Trauma-Informed Coaching

summarized by David DeWinter
YouTube player



Megan Bartlett – Founder, The Center for Healing and Justice through Sport
@chjsorg on Social

Supplementary Material

Healing-Centered Sport Overview
Implementing Healing Centered Sport
Changeable by Stuart Ablon

The 3-Sentence Summary

Past trauma greatly increases the chance of athletes overreacting to small events, and that overreaction can strengthen the part of the brain that is prone to overreact, creating a vicious cycle. As coaches, we can help kids regulate their stress response by building trust, helping athletes move in patterned ways (rowing), and creating predictability in practice. This creates a more inclusive environment for kids who might otherwise feel excluded from the larger group because of their stress response.



0:29 Megan Bartlett – focused on making sure sport experiences are healing experiences for young people.

1:55 We use the term “Healing Centered Sport” to focus on the positive, not so much on “Trauma-Informed _______,” which may paint some kids in a negative light.

5:59 Athlete Yoga Flow demonstration

9:13 Connection and Movement: connecting with young people and getting them moving in their bodies is more important than anything else you could do for them.

9:46 Stress is not just about big events or major adversity.

10:30 We know that sport has positive effects on people. What about sports was most beneficial for you? Why should young people have the opportunity to participate?

  • Builds confidence
  • Self-efficacy

The Impact of Trauma

13:17 Trauma can come from big events (natural disasters, pandemic, shootings), circumstances (poverty, food insecurity, immigration status), or being “othered” (being the minority).

“Trauma is the wrenching away of control when you need it the most.” We all experience overwhelming events differently.

17:22 Three parts of the brain to focus on:

  • Lower (Survival)
  • Middle (Emotional)
  • Front (Smart – Rational thinking)

19:37 Trauma impacts development by flooding the brain with stress, which makes the Survival part of our brain take over. The more we use it, the stronger it becomes, and the harder it is for our Smart brain to develop to respond to adversity. We’re in survival mode all the time, which means we overreact to events that wouldn’t normally cause stress as if they do cause stress.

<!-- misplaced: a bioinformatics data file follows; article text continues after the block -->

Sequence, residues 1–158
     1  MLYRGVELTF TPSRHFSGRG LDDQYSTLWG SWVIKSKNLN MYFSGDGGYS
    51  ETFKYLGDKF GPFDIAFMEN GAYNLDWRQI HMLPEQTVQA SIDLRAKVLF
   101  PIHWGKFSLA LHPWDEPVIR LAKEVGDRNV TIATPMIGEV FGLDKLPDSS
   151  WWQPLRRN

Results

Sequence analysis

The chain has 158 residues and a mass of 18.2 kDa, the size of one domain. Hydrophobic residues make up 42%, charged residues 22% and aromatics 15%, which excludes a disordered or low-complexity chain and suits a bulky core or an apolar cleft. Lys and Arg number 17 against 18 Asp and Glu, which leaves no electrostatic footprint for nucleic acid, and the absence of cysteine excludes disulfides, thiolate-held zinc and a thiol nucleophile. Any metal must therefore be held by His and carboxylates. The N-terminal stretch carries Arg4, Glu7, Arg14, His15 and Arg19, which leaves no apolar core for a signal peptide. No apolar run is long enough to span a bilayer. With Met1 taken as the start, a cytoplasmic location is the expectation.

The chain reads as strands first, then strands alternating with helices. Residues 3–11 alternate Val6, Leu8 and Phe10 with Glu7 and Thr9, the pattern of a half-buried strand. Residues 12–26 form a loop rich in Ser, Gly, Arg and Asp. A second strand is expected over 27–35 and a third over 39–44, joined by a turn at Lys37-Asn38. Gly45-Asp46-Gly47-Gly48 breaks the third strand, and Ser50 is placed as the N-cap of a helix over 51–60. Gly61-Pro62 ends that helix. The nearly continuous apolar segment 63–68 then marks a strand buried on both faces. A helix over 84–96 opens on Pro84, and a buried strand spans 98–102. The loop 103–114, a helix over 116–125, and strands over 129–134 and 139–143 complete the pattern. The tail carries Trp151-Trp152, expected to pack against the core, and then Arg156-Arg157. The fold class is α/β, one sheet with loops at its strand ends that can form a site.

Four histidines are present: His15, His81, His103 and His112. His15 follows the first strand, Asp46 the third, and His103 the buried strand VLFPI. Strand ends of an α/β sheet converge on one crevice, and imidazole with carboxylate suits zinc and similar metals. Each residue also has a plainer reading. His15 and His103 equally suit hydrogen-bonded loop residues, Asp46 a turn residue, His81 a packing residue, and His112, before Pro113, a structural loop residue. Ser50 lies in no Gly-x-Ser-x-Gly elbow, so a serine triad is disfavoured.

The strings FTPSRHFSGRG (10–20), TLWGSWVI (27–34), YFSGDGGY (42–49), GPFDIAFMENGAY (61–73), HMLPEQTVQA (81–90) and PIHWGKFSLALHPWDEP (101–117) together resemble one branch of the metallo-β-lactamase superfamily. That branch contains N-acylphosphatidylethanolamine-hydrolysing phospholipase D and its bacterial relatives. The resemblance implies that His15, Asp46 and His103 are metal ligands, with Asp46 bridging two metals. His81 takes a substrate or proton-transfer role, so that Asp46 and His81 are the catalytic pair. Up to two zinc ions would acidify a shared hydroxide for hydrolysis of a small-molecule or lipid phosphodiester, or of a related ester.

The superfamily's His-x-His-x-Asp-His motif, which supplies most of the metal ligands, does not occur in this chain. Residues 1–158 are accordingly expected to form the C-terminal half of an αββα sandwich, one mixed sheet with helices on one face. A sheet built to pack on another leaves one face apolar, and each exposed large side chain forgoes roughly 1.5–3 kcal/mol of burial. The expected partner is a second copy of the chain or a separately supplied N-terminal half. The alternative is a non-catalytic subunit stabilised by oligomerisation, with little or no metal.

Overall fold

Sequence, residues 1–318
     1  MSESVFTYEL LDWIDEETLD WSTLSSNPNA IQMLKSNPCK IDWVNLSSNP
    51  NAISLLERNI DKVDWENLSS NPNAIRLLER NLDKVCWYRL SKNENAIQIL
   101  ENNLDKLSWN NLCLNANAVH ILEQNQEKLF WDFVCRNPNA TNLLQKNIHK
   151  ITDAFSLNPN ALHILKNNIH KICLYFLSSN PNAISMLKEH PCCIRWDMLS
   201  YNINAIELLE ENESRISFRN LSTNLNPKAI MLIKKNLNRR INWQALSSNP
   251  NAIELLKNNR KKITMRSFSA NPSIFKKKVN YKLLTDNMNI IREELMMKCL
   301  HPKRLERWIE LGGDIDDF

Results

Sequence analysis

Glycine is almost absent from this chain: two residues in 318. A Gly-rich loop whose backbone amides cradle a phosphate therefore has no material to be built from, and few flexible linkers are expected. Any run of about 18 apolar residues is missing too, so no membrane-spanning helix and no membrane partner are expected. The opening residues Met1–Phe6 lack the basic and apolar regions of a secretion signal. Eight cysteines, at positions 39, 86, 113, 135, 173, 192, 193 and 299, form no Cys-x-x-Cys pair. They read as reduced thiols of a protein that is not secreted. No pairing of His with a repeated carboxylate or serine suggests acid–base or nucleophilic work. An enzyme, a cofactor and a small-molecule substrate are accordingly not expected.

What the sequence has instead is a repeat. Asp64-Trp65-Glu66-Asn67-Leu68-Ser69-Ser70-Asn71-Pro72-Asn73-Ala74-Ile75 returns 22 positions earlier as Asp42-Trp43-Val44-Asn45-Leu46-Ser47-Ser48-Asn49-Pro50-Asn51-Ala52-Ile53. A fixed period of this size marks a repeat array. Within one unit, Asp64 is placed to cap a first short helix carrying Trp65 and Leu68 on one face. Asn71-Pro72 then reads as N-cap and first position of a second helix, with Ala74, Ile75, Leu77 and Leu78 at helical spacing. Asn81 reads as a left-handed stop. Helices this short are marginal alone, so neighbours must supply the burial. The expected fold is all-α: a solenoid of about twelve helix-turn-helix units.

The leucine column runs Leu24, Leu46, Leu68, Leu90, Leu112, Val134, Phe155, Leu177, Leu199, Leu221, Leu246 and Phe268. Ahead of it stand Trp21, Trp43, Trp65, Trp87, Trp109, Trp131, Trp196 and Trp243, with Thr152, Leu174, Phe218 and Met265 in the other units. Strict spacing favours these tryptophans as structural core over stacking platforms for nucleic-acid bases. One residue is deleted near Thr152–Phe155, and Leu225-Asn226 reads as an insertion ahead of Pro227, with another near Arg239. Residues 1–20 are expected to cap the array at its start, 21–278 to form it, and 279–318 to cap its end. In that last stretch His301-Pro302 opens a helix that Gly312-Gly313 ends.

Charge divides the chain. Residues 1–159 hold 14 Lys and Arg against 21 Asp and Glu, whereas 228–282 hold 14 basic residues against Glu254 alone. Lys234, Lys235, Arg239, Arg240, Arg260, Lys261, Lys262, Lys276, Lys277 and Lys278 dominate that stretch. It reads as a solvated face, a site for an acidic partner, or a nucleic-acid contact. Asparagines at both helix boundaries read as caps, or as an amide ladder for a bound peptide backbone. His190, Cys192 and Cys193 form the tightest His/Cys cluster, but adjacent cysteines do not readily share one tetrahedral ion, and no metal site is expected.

22:57 Kids who have experienced trauma might find themselves in a vicious reinforcing cycle of overreacting to stress, which strengthens the Survival part of our brain, which leads to more overreaction… Adults can mistake this for an intention to misbehave, not a biological reaction to stress.

25:46 These kids are more likely to get kicked off teams and kicked out of school.

Healing Opportunities

30:00 The brain can always change – it can change back through the power of sport through…

  • Relationships: Trust is the antidote to stress
  • Patterned repetitive rhythmic activity (like the rowing stroke) regulates the stress response
    • Stress regulation gives us the time to put thought between healing and action.
  • Controlling the frequency and intensity of stress. The opposite of overwhelming stress is dosed stress–just beyond the comfort zone to stretch, but no farther.

37:07 Dosed stress helps us build resilience by creating a virtuous cycle of responding positively to stress, which grows the Smart part of our brain, which makes us able to handle more stress, etc.

39:43 Building resilience in sport does not mean that we don’t have to address the systems causing the stress. Even if you can’t do anything about those systems, you have to care about them, and they have to see and feel that you do, too.


43:51 Scenario 1: First Practice – kids don’t know anyone and adults are not welcoming.

  • Unpredictability is stressful. Trust and relationships help buffer that.
  • Fix: Enthusiastically greet kids, show them where to go, and explain what will happen next.

46:38 Scenario 2: Late to Practice – coach makes them run laps.

  • You can’t punish someone into learning something.
  • Fix: Welcome the athlete, catch them up, and work with them later to figure out something to try so they can come on time.

49:38 Scenario 3: Misses the Mark – a coach looks away when the athlete misses the game-winning shot, strikes out, or doesn’t win.

  • Fix: Remember our reactions matter. Encourage the effort and refocus on moving forward with the athlete.


51:43 Key Principles

  • Every person is different. Act accordingly.
  • Relationships buffer adversity.
  • Build up all skills.
  • Give young people meaningful choice and control.
  • Help young people regulate.

53:56 Not just for kids!

54:52 A dysregulated adult cannot regulate a dysregulated child.

55:57 Behavioral intervention states to isolate and contain a child who exhibits undesirable behavior. However, their body and brain say that they need to feel connected and safe and to move. Our job is to give them strategies to regulate their stress.

58:31 You don’t learn to regulate in an hour. You change behavior over time, especially when you are encouraged to reflect on your experiences and bounce ideas off others.

1:02:39 We teach the way we were taught. We parent the way we were parented. It is useful to have models (e.g. coaches) who can teach us a different way.

1:03:23 Resource: Changeable by Stuart Ablon

1:04:42 What can I do if a child has a high ACE score and bottles up their emotions?

Young people do this to avoid exploding. Keep forming a positive relationship with them, get them to move, and always offer space for them to share if they want to.

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